Tag - router

What is the difference between a router and hub or switch?

Question: What is the difference between a router and hub or switch?
Answer: A¬†router is a more sophisticated network device than either a¬†switch or a¬†hub. Like hubs and switches, network routers are typically small, box-like pieces of equipment that multiple computers can connect. Each features a number of “ports” the front or back that provide the connection points for these computers, a connection for electric power, and a number of LED lights to display device status. While routers, hubs and switches all share similiar physical appearance, routers differ substantially in their inner workings.Traditional routers are designed to join multiple area networks (LANs and¬†WANs). On the Internet or on a large corporate network, for example, routers serve as intermediate destinations for network traffic. These routers receive¬†TCP/IP packets, look inside each packet to identify the source and target¬†IP addresses, then forward these packets as needed to ensure the data reaches its final destination.Routers for home networks (often calledbroadband routers) also can join multiple networks. These routers are designed specifically to join the home (LAN) to the Internet (WAN) for the purpose of Internet connection sharing. In contrast, neither hubs nor switches are capable of joining multiple networks or sharing an Internet connection. A home network with only hubs and switches must designate one computer as the gateway to the Internet, and that device must possess two¬†network adapters for sharing, one for the home LAN and one for the Internet WAN. With a router, all home computers connect to the router equally, and it performs the equivalent gateway functions.

Router Switch Hub

Additionally, broadband routers contain several features beyond those of traditional routers. Broadband routers provide DHCP server and proxy support, for example. Most of these routers also offer integrated firewalls. Finally, wired Ethernet broadband routers typically incorporate a built-in Ethernet switch. These routers allow several hubs or switches to be connected to them, as a means to expand the local network to accomodate more Ethernet devices.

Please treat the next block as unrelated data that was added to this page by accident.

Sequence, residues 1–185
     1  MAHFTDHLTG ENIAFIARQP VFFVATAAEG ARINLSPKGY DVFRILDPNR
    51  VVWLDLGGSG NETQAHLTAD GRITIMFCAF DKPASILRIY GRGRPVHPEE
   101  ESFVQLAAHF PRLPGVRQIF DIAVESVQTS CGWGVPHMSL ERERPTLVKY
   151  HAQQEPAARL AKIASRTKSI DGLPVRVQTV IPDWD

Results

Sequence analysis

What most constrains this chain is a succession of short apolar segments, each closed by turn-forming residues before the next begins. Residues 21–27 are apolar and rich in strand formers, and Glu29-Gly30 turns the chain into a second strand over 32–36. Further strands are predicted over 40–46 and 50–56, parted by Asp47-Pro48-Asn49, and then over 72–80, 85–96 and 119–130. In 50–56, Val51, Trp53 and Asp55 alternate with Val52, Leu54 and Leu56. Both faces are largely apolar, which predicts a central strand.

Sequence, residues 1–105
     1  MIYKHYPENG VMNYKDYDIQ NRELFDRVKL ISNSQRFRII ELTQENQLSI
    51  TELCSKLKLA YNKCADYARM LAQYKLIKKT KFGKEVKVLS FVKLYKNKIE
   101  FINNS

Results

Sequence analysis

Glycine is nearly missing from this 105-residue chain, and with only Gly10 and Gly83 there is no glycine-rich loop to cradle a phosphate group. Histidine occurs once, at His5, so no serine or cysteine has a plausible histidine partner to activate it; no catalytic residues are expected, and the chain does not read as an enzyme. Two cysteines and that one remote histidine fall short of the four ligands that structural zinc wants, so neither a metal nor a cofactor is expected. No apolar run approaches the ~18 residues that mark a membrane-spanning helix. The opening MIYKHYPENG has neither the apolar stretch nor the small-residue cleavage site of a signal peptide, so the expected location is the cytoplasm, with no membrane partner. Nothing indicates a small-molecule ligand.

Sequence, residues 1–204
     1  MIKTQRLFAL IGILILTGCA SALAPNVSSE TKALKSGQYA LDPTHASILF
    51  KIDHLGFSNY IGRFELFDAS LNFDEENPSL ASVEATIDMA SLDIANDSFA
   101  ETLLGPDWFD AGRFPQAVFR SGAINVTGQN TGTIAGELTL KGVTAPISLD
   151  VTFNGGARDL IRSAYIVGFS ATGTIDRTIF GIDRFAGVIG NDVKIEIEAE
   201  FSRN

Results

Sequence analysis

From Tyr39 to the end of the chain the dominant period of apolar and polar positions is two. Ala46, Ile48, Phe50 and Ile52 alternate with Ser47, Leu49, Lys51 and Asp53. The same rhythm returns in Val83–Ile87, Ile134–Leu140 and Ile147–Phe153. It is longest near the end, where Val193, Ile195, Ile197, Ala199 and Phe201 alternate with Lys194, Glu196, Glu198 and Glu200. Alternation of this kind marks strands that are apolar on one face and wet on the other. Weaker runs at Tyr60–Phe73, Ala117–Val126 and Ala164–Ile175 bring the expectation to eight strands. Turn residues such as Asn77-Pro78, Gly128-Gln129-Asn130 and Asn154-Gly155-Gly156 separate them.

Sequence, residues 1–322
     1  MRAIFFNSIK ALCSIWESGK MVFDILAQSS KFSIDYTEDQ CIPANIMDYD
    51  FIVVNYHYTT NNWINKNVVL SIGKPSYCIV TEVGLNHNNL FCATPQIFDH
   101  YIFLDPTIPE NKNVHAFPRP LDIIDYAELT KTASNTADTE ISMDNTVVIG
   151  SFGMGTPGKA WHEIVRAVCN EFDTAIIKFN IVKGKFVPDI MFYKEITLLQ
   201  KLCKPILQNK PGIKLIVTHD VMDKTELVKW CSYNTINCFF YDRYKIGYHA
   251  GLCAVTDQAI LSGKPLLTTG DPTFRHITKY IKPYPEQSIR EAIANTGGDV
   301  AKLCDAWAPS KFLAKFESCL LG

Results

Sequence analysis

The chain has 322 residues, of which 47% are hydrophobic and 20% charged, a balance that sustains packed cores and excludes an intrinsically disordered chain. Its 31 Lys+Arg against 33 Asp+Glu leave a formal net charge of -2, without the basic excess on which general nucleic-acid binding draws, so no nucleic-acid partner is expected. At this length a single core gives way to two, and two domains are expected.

In home networking, hubs and switches technically exist only for wired networks. Wi-Fiwireless routers incorporate a built-in access point that is roughly equivalent to a wired switch.

The Basics of BGP Route Reflection

Configuring Border Gateway Protocol (BGP) can be quite onerous, particularly with large numbers of peering sessions that must be configured manually. In fact, in a large network, the full-mesh requirement for IBGP can be a provisioning nightmare.

BGP’s answer to the IBGP pairing configuration nightmare that is the full mesh is called route reflection. Route reflection allows sharing of routing information among a group of routers without having to send the exact same information to each of them individually. It’s sort of like giving information to one person and having them distribute it to all their peers.

IBGP comes with a significant restriction: IBGP peers should not re-advertise IBGP-learned routes to other IBGP speakers, which is why they all need to be fully meshed. If you can’t re-advertise IBGP routes, you must be directly connected to the originator of the route, hence the full mesh requirement. Remember, IBGP has no dedicated loop prevention mechanism, and this is why you need route reflectors for large networks.

The concept of route reflection allows you to designate one or more of your routers as route reflectors. BGP relaxes the re-advertising restriction on these route reflectors, allowing them to accept and propagate IBGP routes to their clients.




Because of the IBGP full-mesh requirement, this topology would require 15 IBGP peering sessions per router, or 120 distinct IBGP sessions within the network. However, if you designate router 4 as a route reflector, you can start to minimize this requirement. For example, look at what happens in with the routers directly connected to router 4.